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In the late afternoon, I reached the Anderson water cache and found a bunch of hikers sitting on chairs in a little cove which also contained Halloween-like plastic decorations. I was informed that this was the surprise they had mentioned and I disappointingly said, “But, I already knew about this!”. (That’s what happens when you read other people’s journals!). I sipped on some water and listened to SunDog’s scary stories about the snow in Washington. He and Giggles were forced to end their hike in 2007 at Snoqualmie Pass due to the amount of snow that had accumulated. I assumed they were hiking so quickly to beat the snow this time! Other hikers chimed in, saying that mild winters meant an early winter the following year. Bambi, who is from Washington, told me at the Saufley’s, that even if it is not an early snow year, that the last two weeks in September are cold and consistently rainy and that he did not want to be hiking in that. I had originally planned on finishing my hike by September 30, but with all of these warnings, I knew I had to aim for mid-September.
Sprinkles, Spoonman, and Skinny D headed out for the road walk shortcut while Giggles, SunDog, and I chose to remain on the PCT.
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There were only a few miles to go until we reached the road, but I was growing tired. I found a bench next to a plaque and took a moment to rest on it before continuing on. SunDog and Giggles approached, hiking together as if they were a unit, step for step. They decided to rest, and I found enough energy to make it down the hill to the road. I was going to make it to the Anderson’s after all! A truck drove by and asked me if I needed a ride. Yes! She was a firefighter who worked at the station I had taken a break at with Dinnertime and JT! She knew where the Anderson’s lived (a couple of miles away) and dropped me in front of their house. I saw a bunch of hikers that I didn’t know sitting in front of the house in Hawaiian shirts. I had heard a lot about this place and wasn’t sure if I wanted to stop here, but decided it would be good to get the full PCT experience. As I retrieved my pack from the back of the truck, I said, “Oh, boy.”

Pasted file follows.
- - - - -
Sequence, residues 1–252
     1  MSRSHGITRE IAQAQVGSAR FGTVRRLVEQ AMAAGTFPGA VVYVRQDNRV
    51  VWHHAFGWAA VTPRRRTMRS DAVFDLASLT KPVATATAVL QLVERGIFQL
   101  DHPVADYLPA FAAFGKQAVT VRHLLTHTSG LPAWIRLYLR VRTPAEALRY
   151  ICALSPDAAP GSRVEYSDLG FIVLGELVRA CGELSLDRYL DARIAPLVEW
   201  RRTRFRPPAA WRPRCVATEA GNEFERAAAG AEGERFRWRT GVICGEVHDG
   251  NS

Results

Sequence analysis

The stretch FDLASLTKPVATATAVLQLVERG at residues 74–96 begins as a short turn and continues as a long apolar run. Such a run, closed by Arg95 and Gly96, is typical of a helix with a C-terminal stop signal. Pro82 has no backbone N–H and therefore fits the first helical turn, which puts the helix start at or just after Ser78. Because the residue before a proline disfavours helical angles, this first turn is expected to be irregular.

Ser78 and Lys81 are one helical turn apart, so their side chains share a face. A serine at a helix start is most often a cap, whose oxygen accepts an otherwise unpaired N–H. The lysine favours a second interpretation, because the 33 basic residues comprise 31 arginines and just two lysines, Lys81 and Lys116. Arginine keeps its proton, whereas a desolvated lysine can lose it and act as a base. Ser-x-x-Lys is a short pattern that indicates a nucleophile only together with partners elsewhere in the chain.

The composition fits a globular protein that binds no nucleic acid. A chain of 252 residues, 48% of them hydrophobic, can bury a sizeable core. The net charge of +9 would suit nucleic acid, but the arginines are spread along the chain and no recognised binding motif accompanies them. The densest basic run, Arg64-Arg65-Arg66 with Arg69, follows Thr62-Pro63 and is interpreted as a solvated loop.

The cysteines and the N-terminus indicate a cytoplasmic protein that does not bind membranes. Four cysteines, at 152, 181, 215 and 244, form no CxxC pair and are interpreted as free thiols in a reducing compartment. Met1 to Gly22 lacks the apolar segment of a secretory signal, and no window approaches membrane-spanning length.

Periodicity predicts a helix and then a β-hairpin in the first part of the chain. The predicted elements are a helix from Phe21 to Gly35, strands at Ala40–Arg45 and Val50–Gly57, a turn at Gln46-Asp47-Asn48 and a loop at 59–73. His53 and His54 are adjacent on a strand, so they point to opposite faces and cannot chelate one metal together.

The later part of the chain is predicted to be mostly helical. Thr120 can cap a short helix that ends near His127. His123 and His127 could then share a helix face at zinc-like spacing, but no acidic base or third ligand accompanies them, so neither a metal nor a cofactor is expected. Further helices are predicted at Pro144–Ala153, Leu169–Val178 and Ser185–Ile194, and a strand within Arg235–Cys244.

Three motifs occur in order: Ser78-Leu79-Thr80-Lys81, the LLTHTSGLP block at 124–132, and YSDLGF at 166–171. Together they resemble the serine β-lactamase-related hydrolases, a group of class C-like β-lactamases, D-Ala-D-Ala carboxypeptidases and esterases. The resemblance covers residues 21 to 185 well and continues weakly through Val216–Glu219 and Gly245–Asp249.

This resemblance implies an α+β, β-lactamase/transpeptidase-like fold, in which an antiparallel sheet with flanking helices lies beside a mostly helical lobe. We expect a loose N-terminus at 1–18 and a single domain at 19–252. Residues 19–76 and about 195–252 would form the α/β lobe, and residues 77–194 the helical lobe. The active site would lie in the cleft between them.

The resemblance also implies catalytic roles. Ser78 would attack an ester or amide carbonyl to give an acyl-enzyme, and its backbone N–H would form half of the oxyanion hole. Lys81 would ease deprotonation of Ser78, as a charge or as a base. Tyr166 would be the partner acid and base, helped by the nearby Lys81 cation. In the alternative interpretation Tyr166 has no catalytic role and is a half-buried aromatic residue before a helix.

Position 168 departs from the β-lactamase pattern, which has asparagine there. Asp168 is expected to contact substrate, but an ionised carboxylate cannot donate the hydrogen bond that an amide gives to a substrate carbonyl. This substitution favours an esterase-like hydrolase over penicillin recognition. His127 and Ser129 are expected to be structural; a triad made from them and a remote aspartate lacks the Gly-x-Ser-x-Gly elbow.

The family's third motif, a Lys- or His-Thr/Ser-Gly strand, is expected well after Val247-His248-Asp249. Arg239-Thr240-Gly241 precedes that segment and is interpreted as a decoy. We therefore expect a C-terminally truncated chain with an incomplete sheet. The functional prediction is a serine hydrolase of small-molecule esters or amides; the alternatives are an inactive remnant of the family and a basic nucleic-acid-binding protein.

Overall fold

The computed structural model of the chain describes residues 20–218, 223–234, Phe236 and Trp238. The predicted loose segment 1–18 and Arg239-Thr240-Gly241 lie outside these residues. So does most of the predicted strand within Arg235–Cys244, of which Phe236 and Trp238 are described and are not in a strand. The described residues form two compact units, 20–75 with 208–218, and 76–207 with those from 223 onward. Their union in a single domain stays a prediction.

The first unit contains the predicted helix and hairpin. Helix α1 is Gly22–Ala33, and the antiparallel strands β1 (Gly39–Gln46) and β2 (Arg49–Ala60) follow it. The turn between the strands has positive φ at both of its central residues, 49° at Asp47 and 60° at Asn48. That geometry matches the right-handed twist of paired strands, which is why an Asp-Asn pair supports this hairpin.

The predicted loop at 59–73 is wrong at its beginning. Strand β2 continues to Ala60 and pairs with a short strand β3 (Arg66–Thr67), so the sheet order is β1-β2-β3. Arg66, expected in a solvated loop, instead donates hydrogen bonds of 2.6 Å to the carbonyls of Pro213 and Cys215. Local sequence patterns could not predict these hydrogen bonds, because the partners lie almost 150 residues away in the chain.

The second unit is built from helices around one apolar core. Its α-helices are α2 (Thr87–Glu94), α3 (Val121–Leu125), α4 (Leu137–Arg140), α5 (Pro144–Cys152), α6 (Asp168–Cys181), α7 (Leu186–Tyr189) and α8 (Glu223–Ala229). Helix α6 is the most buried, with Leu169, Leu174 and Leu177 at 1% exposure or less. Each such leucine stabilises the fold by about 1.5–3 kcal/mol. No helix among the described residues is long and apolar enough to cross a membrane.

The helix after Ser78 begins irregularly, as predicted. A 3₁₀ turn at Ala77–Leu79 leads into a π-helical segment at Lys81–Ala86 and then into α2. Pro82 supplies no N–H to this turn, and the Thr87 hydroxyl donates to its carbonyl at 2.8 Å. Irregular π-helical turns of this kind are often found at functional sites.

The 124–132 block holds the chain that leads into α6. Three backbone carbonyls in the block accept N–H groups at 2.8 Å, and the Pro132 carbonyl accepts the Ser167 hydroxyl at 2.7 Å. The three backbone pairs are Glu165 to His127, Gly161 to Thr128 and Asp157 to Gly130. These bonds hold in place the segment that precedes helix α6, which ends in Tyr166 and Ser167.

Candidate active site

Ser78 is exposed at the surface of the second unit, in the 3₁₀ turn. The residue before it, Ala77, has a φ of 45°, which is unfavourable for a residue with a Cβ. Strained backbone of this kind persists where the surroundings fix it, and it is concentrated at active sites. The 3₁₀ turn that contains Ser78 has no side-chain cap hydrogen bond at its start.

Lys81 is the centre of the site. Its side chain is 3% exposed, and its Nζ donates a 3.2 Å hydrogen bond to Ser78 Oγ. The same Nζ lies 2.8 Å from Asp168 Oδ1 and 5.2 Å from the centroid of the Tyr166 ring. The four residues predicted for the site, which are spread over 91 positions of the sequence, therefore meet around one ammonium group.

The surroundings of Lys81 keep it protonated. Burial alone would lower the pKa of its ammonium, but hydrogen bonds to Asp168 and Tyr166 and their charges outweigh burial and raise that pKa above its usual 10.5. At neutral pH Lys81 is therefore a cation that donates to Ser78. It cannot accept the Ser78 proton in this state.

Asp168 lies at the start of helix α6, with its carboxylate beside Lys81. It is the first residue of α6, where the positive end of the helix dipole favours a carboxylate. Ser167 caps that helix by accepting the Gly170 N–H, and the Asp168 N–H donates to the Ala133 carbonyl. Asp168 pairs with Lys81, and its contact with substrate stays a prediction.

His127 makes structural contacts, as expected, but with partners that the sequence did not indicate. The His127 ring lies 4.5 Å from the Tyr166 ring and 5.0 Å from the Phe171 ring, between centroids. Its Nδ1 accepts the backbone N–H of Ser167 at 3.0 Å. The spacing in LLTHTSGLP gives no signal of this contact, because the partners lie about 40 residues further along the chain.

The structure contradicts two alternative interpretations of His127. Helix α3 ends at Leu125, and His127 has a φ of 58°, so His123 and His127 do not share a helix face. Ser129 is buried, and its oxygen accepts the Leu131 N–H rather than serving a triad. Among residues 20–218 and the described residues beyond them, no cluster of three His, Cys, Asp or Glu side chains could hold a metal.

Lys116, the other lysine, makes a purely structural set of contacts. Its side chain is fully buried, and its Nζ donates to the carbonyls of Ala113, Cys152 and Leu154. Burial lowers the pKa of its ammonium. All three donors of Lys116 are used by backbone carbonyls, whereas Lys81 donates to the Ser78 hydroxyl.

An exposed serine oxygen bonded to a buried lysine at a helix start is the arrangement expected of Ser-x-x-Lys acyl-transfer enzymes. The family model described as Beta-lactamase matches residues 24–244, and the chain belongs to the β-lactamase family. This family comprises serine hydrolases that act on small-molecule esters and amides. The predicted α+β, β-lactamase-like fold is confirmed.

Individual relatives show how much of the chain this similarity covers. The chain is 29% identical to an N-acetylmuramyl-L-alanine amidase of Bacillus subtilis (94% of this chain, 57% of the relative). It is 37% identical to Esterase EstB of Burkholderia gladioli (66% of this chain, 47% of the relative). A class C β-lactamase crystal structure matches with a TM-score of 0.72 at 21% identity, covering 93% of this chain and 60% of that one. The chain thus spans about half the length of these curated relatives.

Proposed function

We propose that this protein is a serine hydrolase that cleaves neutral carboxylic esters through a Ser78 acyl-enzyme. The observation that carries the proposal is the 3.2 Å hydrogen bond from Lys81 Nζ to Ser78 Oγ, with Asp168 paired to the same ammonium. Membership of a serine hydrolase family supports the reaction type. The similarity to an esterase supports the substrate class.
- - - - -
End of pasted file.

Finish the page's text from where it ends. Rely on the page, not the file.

Terri Anderson came over and welcomed me with a hug, and Bean (the only hiker I knew) gave me a tour of the property. There was an outdoor shower and a grove of manzanita trees with little camping spaces that extended as far back as we could imagine. I chose an empty spot next to Bean and went over to shower. I couldn’t get any water to come out, however, so I had to ask Joe for help. I guess I was lucky to arrive in the evening because there was no way to control the water temperature and it was scalding hot during the day! This was my first outdoor shower experience!
I went over to sit with the others, feeling a bit uncomfortable, but relieved that I had made it in time for the taco dinner. Terri explained the rules and said she would be watching us and come over to smack us on the backside with her wooden spoon if we didn’t do as she said! The group that was staying there was very quiet, and while I was glad it was not a party atmosphere, I grew quite bored. I was happy to return to my little camp spot and get ready for bed!